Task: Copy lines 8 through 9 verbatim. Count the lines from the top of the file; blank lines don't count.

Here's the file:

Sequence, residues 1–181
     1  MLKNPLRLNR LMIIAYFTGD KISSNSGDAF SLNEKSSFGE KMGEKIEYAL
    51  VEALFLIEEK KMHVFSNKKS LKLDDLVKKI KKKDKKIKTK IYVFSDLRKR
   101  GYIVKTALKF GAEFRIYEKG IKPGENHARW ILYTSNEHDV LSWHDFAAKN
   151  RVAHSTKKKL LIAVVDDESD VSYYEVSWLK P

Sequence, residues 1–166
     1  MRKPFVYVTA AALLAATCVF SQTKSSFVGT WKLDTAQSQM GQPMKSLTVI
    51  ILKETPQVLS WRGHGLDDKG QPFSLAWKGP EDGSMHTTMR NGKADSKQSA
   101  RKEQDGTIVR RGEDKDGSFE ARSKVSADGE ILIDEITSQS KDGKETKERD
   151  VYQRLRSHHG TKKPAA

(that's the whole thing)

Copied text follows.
    51  ILKETPQVLS WRGHGLDDKG QPFSLAWKGP EDGSMHTTMR NGKADSKQSA
   101  RKEQDGTIVR RGEDKDGSFE ARSKVSADGE ILIDEITSQS KDGKETKERD